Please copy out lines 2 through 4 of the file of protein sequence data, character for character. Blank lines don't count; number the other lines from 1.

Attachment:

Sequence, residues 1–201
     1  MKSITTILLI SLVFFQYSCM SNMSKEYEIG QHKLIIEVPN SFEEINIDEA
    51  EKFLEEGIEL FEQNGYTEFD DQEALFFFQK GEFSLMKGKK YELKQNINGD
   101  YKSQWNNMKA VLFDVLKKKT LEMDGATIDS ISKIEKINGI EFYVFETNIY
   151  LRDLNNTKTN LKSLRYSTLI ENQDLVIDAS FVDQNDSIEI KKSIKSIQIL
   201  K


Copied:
     1  MKSITTILLI SLVFFQYSCM SNMSKEYEIG QHKLIIEVPN SFEEINIDEA
    51  EKFLEEGIEL FEQNGYTEFD DQEALFFFQK GEFSLMKGKK YELKQNINGD
   101  YKSQWNNMKA VLFDVLKKKT LEMDGATIDS ISKIEKINGI EFYVFETNIY